Randolph M. Nesse Quotes
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|Born||January 01, 1948|
Books by Randolph M. Nesse
Best 28 Quotes by Randolph M. Nesse
“A Darwinian view of medicine simultaneously makes disease less and more meaningful. Diseases do not result from random or malevolent forces, they arise ultimately from past natural selection. Paradoxically, the same capacities that make us vulnerable to disease often confer benefits. The capacity for suffering is a useful defense.”
“All organisms are shaped to behave in ways that increase fitness even if that decreases health and happiness. Did you ever desperately want to have sex with someone even though you knew that could lead to disaster? Most people have, with sometimes dire consequences. Then there are the rest of our desires and the inevitable suffering because they cannot all be fulfilled. We want so badly to be important, rich, loved, admired, attractive, and powerful. For what? the good feelings from succeeding are just about balanced by the bad feelings from failure. Our emotions benefit our genes far more than they do us.”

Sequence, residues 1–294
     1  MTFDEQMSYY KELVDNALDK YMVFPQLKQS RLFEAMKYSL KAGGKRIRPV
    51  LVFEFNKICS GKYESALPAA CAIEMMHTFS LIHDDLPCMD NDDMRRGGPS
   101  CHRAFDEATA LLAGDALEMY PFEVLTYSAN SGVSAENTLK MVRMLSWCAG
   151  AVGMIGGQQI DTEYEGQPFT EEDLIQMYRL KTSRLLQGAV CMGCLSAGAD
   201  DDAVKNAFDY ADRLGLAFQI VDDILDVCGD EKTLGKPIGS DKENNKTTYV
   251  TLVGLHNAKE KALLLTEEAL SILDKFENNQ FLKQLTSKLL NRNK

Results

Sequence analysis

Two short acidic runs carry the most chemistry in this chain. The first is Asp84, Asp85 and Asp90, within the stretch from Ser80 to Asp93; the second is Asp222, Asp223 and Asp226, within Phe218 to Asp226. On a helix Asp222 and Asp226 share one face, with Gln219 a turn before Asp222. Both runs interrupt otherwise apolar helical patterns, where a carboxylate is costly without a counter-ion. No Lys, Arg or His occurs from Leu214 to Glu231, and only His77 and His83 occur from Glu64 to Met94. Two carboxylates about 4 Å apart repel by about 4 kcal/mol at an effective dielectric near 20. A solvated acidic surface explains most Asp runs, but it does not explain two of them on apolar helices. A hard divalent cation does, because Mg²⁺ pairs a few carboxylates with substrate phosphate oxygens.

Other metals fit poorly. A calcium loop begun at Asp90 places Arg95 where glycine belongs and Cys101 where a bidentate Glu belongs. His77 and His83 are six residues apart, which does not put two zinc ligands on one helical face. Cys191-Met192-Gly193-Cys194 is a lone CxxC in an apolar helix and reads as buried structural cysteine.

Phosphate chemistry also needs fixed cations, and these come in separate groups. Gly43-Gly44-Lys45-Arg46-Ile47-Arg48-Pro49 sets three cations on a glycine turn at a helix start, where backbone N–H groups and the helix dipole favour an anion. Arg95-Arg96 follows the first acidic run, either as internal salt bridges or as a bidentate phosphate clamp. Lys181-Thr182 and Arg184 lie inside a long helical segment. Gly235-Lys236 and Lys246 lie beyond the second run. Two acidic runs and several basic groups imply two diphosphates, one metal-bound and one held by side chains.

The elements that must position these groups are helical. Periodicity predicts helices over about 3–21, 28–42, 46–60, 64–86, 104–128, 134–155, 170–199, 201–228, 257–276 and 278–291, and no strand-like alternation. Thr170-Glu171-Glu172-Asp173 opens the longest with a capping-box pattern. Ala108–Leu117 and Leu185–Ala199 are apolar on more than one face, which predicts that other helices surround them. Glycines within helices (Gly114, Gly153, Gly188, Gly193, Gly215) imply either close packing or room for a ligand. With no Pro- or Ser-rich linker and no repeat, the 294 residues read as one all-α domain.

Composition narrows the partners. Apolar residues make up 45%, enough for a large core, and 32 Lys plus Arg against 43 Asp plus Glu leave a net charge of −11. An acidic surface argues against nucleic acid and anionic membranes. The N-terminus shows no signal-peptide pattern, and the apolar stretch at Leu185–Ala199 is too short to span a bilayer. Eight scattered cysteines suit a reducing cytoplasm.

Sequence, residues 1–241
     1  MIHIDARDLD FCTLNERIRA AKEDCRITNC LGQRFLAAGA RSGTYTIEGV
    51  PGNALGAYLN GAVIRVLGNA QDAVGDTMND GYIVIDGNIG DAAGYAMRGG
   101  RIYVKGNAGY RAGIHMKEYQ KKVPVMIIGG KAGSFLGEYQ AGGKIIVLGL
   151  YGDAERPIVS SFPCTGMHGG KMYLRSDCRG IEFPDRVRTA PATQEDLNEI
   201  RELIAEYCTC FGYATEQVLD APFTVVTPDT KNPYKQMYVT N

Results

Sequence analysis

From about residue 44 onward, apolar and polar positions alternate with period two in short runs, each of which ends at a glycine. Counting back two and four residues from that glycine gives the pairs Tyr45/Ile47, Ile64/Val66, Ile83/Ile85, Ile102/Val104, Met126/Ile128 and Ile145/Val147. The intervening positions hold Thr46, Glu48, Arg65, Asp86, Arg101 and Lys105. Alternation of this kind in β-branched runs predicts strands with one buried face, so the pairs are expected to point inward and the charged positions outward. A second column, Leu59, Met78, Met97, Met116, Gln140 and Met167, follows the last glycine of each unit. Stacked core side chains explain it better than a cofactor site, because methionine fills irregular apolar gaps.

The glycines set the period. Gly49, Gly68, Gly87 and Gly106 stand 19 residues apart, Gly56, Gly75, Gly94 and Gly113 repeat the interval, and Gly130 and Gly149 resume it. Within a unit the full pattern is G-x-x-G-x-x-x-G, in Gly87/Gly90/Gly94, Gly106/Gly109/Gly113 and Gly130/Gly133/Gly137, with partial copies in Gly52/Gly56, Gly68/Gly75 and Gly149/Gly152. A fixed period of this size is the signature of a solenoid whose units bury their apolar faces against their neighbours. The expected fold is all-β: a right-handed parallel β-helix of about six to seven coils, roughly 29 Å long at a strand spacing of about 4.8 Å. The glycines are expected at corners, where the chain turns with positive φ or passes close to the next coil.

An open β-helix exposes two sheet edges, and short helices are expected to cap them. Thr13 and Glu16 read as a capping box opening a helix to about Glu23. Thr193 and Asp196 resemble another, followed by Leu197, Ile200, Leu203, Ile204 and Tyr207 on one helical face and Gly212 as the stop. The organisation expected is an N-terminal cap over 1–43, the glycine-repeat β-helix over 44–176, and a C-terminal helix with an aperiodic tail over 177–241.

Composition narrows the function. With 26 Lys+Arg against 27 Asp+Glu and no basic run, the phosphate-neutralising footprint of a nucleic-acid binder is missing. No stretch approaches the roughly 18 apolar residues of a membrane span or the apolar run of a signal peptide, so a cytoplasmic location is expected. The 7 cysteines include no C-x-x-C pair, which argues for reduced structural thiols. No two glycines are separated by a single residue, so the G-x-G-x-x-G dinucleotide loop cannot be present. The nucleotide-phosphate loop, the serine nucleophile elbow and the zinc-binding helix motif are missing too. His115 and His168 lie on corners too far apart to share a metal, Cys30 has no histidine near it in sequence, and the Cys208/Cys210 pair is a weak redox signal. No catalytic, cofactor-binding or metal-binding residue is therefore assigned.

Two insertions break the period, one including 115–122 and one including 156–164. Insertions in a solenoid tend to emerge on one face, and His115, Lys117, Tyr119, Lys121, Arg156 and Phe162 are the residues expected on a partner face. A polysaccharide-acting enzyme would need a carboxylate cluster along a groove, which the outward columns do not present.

“Autoimmune disease is a price of our remarkable ability to attack invaders. Cancer is the price of tissues that can repair themselves. Menopause may protect the interests of our genes in existing children. Even senescence and death are not random, but compromises struck by natural selection as it inexorably shaped out bodies to maximize the transmission of our genes. In such paradoxical benefits, some may find a gentle satisfaction, even a bit of meaning-at least the sort of meaning Dobzhansky recognized. After all, nothing in medicine makes sense except in the light of evolution.”
“Caffeine seems innocuous, but a single coffee bean can kill a mouse.”
“Chlamydia, today´s most common cause of venereal disease, does the equivalent of hiding in the police station.